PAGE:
Use prescribed fire to maintain or restore disturbance: brackish/saline swamps
Overall effectiveness category No evidence found (no assessment)
Number of studies: 0
Background information and definitions
Disturbance can clear dominant plants, maintain light availability and control nutrient levels – and may maintain vegetation in a desirable and/or species-rich state (Hall et al. 2008; Middleton 2013). Therefore, conservationists sometimes want to actively restore disturbance where it has ceased, or maintain disturbance at a site where it would otherwise be lost. Prescribed burns are one way to do this.
Fire itself may be the historic or traditional disturbance that maintains wetlands in a desirable state. Some wetlands, especially ones that dry out in summer, burn naturally every few years (Sutter & Kral 1994). In other wetlands, prescribed burns have been used by humans to manage vegetation (Middleton 2013). Reduced disturbance from fire in these systems – whether through abandonment or deliberate control of fire (e.g. via fire breaks or legislation) – can be detrimental to vegetation diversity, composition and structure (e.g. Clark & Wilson 2001).
Caution: Disturbance, and fire in particular, is not a natural feature of all wetlands. For example, even within the southeast USA, the natural fire frequency can vary from once per year to once per century (Sutter & Kral 1994). It can be difficult to control the intensity, duration and area of prescribed burns. Burns in winter or wet season, might be easier to control than burns in the summer or dry season. Smoke from prescribed burns could be detrimental to human health, especially near urban areas (Agee 1996). Also note potential impacts on animals within wetlands – but that some taxa might be unaffected or be able to avoid fire (e.g. Ditlhogo et al. 1992).
The timing and duration of monitoring might be particularly important when evaluating the effects of this action. Burning might produce apparently desirable changes in vegetation over the short term, followed by a rapid return to a degraded state.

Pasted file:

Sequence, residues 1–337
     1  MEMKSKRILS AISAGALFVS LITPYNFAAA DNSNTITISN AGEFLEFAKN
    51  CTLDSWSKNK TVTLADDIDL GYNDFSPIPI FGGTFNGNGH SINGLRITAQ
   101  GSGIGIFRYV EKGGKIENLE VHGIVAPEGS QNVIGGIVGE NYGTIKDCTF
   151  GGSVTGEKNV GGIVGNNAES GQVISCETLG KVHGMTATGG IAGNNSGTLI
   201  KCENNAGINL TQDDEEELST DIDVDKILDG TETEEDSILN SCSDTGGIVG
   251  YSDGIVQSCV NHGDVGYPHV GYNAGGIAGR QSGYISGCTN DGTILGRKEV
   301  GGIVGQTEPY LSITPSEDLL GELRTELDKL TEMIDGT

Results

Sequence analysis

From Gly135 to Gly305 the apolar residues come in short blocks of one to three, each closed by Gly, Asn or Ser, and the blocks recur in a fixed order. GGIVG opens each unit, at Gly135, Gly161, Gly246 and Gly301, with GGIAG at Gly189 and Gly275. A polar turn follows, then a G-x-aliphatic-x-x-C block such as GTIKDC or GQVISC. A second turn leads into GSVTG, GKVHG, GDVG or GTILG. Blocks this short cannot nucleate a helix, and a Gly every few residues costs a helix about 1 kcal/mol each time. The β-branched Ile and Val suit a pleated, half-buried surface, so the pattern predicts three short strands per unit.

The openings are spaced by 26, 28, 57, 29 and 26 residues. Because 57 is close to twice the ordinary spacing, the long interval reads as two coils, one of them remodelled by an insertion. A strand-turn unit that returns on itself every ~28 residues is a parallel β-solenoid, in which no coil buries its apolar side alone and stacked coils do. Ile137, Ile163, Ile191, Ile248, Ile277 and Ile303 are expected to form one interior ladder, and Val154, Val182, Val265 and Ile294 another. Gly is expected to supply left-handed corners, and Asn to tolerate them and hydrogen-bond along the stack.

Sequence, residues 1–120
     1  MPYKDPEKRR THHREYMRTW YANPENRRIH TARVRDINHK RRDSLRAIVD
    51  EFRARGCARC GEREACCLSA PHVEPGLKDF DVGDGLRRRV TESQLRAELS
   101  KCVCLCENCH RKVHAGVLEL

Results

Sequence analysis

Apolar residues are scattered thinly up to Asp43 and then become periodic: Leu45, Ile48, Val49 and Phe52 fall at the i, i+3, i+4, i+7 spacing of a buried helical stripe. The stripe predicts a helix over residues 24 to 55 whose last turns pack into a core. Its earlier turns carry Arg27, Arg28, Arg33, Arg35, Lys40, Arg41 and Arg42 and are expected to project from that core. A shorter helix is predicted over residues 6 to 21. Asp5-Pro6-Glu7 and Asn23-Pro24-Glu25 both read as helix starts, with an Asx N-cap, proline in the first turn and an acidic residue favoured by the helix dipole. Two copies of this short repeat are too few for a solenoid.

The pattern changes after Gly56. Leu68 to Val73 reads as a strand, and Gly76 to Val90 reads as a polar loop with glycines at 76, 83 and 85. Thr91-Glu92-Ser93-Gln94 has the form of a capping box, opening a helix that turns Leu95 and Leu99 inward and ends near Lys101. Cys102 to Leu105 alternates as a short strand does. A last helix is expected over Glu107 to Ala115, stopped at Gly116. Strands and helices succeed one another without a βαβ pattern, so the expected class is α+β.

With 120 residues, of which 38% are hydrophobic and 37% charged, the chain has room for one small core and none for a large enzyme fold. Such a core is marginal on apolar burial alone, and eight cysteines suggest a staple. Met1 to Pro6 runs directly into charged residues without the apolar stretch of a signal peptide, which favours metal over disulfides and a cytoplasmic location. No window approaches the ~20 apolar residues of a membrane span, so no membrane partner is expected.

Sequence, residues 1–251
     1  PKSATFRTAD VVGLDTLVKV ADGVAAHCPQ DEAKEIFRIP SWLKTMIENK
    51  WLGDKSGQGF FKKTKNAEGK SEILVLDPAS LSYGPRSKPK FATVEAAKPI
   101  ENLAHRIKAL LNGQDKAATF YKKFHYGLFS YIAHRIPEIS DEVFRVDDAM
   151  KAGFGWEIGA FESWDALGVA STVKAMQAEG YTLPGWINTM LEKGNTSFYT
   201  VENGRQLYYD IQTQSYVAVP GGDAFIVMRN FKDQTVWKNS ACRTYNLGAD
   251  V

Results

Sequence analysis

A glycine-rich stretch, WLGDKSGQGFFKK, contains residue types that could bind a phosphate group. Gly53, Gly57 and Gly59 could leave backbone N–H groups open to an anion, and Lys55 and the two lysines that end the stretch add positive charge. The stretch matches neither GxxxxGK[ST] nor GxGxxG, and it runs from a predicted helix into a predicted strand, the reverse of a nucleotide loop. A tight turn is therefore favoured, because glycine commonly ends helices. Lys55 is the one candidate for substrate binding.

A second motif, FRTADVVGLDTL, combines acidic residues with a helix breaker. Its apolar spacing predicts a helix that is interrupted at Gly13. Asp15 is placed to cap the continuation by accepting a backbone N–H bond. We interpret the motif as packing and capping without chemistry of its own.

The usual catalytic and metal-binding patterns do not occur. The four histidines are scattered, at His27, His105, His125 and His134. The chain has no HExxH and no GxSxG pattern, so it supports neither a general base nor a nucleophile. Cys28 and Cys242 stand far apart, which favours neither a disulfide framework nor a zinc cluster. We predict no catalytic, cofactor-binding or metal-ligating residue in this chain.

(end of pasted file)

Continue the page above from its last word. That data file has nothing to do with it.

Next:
Related actions: Use prescribed fire to control problematic plants, whose success is not linked to a change in disturbance regime; Reduce frequency of prescribed burning; Reduce intensity of prescribed burning; Change season/timing of prescribed burning.
Agee J. (1996) Achieving conservation biology objectives with fire in the Pacific Northwest. Weed Technology, 10, 417–421.
Clark D.L. & Wilson M.V. (2001) Fire, mowing, and hand-removal of woody species in restoring a native wetland prairie in the Willamette Valley of Oregon. Wetlands, 21, 135–144.
Ditlhogo M.K.M., James R., Laurance B.R. & Sutherland W.J. (1992) The effects of conservation management of reed beds. I. The invertebrates." Journal of Applied Ecology, 29, 265–276.
Hall S.J., Lindig-Cisneros R. & Zedler J.B. (2008) Does harvesting sustain plant diversity in Central Mexican wetlands? Wetlands, 28, 776–792.
Middleton B.A. (2013) Rediscovering traditional vegetation management in preserves: trading experiences between cultures and continents. Biological Conservation, 158, 750–760.
Sutter R.D. & Kral R. (1994) The ecology, status, and conservation of two non-alluvial wetland communities in the South Atlantic and Eastern Gulf coastal plain, USA. Biological Conservation, 235–243.